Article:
Assessment and Identification of Dyslexia

The identification and intervention process for dyslexia and/or dysgraphia is multifaceted. These processes involve both state and federal requirements that must be followed. Frequently in Texas, dyslexia and/or dysgraphia identification and intervention happens through general education rather than special education. Special education and the assessment through IDEA 2004 may occur when dyslexia and/or dysgraphia is associated with complicating factors, thus requiring more support than what is available through the general education dyslexia and related disorders program.

Prior to Assessment and Identification

In Texas and throughout the country, there is a focus on a Response to Intervention (RtI) or tiered intervention process as a vehicle for meeting the academic and behavioral needs of all students. The components of the Student Success Initiative (SSI) and other state-level programs offer additional support. Current federal legislation under the Elementary and Secondary Education Act (ESEA) calls for the use of benchmark assessments for early identification of struggling students before they fail. In fact, state law requires the use of early reading assessments that are built on substantial evidence of best practices. In Clear Creek ISD, this process is referred to as the Student Success Team (SST) process.

Carefully chosen, these assessments can give crucial information about a student’s learning and can provide a basis for the tiered intervention model. Through the tiered intervention process, schools can document students’ learning difficulties, provide ongoing assessment, and monitor reading achievement progress for students at risk for dyslexia or other reading/writing difficulties.

While not required prior to the assessment and identification of dyslexia and/or dysgraphia, RtI is considered best practice.

Evaluation Procedures

If a decision is made to evaluate a student for dyslexia and/or dysgraphia, consent will be obtained from the parent or guardian via Section 504 or IDEA procedures. Clear Creek ISD uses previously collected, as well as current information, to evaluate the student’s academic progress and determine what actions are needed to ensure the student’s improved academic performance.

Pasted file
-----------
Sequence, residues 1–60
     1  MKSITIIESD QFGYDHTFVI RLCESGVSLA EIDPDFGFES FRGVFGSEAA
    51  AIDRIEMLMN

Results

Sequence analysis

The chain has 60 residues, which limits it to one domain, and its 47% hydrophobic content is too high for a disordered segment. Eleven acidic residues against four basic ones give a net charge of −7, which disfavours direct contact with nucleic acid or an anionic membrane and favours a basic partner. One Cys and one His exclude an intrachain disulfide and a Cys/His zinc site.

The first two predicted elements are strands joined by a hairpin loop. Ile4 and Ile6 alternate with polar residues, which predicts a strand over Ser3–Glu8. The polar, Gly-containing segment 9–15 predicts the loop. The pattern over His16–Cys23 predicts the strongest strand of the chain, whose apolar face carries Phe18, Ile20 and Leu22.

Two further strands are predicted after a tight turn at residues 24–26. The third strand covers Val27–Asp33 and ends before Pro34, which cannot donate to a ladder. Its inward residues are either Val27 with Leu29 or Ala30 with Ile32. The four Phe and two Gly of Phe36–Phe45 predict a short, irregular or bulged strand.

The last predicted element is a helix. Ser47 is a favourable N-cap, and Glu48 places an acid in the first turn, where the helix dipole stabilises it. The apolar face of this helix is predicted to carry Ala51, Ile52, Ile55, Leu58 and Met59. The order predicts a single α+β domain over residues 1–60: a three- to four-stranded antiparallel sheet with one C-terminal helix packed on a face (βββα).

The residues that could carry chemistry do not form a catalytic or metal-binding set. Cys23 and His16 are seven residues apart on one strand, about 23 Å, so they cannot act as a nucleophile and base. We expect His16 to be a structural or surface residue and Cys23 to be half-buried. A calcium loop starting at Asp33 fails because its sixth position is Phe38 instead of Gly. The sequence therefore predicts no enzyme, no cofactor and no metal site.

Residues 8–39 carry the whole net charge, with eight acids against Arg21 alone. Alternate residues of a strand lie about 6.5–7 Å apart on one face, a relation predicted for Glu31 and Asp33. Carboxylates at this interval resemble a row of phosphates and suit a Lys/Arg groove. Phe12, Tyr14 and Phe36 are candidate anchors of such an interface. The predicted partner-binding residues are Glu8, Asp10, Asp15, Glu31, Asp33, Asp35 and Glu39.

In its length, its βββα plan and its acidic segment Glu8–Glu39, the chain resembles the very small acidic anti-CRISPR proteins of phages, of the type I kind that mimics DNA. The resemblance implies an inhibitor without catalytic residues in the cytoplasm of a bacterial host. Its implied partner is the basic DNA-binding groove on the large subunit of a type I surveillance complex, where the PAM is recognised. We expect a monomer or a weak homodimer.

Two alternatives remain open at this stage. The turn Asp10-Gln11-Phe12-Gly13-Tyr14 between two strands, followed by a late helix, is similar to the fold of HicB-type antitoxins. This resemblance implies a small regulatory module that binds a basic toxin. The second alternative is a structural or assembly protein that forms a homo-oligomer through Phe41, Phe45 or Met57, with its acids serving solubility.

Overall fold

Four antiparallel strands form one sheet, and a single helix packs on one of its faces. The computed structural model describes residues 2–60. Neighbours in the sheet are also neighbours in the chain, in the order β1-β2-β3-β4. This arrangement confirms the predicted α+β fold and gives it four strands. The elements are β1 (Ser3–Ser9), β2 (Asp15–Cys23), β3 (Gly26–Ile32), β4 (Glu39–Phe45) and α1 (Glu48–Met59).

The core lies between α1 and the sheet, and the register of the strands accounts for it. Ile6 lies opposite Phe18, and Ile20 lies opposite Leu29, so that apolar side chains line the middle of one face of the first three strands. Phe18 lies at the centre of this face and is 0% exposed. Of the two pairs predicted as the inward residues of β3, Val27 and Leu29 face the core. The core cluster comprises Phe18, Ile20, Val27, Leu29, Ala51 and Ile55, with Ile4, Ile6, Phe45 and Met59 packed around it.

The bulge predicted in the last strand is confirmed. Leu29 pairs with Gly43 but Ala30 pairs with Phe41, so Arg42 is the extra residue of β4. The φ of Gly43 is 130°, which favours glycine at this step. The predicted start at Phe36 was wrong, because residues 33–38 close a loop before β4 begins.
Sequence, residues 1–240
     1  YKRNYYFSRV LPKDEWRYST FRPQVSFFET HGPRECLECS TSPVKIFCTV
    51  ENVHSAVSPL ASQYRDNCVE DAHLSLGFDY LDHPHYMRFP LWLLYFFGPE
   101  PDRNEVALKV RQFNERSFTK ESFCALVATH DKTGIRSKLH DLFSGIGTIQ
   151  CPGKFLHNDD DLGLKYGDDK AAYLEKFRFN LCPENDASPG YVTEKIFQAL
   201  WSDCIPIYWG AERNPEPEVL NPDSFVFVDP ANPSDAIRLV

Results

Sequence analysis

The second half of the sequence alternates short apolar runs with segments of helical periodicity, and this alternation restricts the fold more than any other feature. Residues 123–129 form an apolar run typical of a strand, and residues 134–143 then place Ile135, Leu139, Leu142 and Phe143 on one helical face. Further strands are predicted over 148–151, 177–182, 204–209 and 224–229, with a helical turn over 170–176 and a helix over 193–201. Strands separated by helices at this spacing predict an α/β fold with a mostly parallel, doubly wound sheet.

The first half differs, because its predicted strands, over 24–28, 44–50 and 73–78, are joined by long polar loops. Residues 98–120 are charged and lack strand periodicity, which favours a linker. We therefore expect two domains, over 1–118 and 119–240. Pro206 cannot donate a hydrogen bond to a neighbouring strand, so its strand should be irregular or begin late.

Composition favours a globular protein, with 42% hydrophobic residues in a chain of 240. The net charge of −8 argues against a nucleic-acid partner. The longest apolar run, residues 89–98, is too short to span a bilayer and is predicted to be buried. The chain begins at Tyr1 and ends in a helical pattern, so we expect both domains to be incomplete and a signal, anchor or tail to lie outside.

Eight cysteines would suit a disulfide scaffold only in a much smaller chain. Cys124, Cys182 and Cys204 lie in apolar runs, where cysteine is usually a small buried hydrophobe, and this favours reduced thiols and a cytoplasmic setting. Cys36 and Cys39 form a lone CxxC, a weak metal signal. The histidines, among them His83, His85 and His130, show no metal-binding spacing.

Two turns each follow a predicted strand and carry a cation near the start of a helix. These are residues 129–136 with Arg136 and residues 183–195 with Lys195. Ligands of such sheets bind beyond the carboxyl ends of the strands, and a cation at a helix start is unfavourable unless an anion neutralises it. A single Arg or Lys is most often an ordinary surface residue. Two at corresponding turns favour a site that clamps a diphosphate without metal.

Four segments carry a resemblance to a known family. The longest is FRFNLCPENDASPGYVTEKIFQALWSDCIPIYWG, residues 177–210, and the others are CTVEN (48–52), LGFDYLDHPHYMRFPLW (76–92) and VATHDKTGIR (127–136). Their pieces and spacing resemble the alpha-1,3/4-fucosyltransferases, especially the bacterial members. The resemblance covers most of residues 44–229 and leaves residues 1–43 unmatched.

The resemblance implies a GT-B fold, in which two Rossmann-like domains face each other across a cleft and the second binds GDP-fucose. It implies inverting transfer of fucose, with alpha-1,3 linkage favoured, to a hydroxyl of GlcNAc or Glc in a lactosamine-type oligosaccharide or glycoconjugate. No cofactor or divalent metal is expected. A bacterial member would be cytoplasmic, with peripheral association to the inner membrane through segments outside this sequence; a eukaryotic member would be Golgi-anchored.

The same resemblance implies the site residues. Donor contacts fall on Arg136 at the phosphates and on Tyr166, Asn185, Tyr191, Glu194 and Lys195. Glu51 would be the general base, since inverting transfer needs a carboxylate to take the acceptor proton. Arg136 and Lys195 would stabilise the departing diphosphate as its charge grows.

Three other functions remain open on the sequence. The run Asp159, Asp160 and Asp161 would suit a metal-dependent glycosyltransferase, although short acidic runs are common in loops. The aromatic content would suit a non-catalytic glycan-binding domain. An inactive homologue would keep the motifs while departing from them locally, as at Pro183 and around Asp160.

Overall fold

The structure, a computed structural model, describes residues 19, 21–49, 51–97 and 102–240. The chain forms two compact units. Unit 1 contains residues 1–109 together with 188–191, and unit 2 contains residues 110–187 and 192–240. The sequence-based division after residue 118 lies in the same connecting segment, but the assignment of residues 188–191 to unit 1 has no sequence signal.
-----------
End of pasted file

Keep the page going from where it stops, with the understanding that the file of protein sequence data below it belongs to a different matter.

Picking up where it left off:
Cumulative Data

The academic history of each student will provide the school with the cumulative data needed to ensure that underachievement in a student suspected of having dyslexia and/or dysgraphia is not due to lack of appropriate instruction in reading. This information should include data that demonstrates that the student was provided appropriate instruction and include data-based documentation of repeated assessments of achievement at reasonable intervals (progress monitoring), reflecting formal assessment of student progress during instruction. This cumulative data also includes information from parents/guardians. 

Sources and examples of cumulative data include, but are not limited to:

  • Vision and hearing screening
  • Teacher input
  • SST data
  • Report cards
  • G/T  assessments (if applicable)
  • Samples of classwork
  • K - 2 reading assessment (BAS)
  • K - 2 math assessment (DNC)
  • State assessment results
  • Full Individual Evaluations (if applicable)
  • Outside assessments (if applicable)
  • Speech and Language assessments (if applicable)
  • Attendance records
  • Curriculum Based Assessments (CBAs)
  • Second Language Learner information such as
    • Home Language Surveys
    • English Proficiency data
    • TELPAS
    • Language of instruction and intervention information

Formal Evaluation

After data gathering, the next step in the process is formal evaluation. This is not a screening; rather, it is an individualized evaluation used to gather evaluation data. Formal evaluation involves multiple sources of data, including informal, criterion, curriculum and norm referenced data. All data will be used to determine whether the student demonstrates a pattern of evidence for dyslexia and/or dysgraphia. Professionals conducting evaluation for the identification of dyslexia  and/or dysgraphia will need to look beyond scores on standardized assessments alone and examine the student’s classroom reading performance, educational history, and early language experiences to assist with determining reading and spelling abilities and difficulties.

Domains assessed for dyslexia include:

  • Academic achievement
    • Letter knowledge 
    • Reading words in isolation
    • Decoding nonsense words
    • Reading fluency (both rate and accuracy)
    • Reading comprehension